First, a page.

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Ontario Superior Court of Justice Considers Aboriginal Consultation Obligations under Mining Act

In a January 3, 2012 decision illustrating that the “free entry” mining system in Ontario may be limited by Aboriginal consultation, Madam Justice Carole Brown of the Ontario Superior Court of Justice granted the Wahgoshig First Nation an injunction against junior mining company Solid Gold Resources Inc.  Wahgoshig argued that they must be consulted about prospecting and exploration drilling activities on their traditional territories, raising concerns that exploration is being undertaken near a sacred burial area.  Solid Gold argued that the duty to consult, if any, was the duty of the Crown, and furthermore that Ontario’s Mining Act establishes a “free entry” system whereby all Crown lands, including those subject to First Nations land claims, are open for prospecting and staking, without any consultation or permit required.  Ontario submitted that the duty to consult was triggered, and that it delegated the operational aspects of the duty to Solid Gold, which has not fulfilled the duty.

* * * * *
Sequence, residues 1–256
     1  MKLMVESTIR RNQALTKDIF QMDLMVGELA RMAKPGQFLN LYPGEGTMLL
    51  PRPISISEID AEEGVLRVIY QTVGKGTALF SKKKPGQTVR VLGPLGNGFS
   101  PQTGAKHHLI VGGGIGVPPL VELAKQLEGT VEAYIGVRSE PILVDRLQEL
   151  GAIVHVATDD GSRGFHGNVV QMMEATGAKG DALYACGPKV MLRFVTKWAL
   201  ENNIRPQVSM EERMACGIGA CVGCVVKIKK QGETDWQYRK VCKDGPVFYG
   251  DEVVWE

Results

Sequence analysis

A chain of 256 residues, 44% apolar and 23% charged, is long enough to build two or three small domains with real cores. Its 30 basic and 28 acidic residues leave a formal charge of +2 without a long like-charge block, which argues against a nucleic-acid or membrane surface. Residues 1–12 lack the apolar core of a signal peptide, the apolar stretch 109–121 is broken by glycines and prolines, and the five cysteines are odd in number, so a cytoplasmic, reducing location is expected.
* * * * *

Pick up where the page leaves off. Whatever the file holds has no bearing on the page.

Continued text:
Madam Justice Brown’s ruling enjoins Solid Gold from continuing its exploration activities for 120 days while the company, the First Nation and the Ontario government undertake meaningful consultations. If those consultations are not productive, the First Nation may return to court to request an extension of the injunction.

Solid Gold has served notice of motion for leave to appeal, and has also indicated that it served notice of motion to the Crown holding it is liable for all losses suffered by Solid Gold.


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Lawson Lundell's Project Law Blog focuses on updating proponents on issues emerging in the law and policy that applies to the development of major projects in Canada. The focus of the blog is on matters relating to environmental assessment and compliance, regulatory matters and Indigenous consultation.




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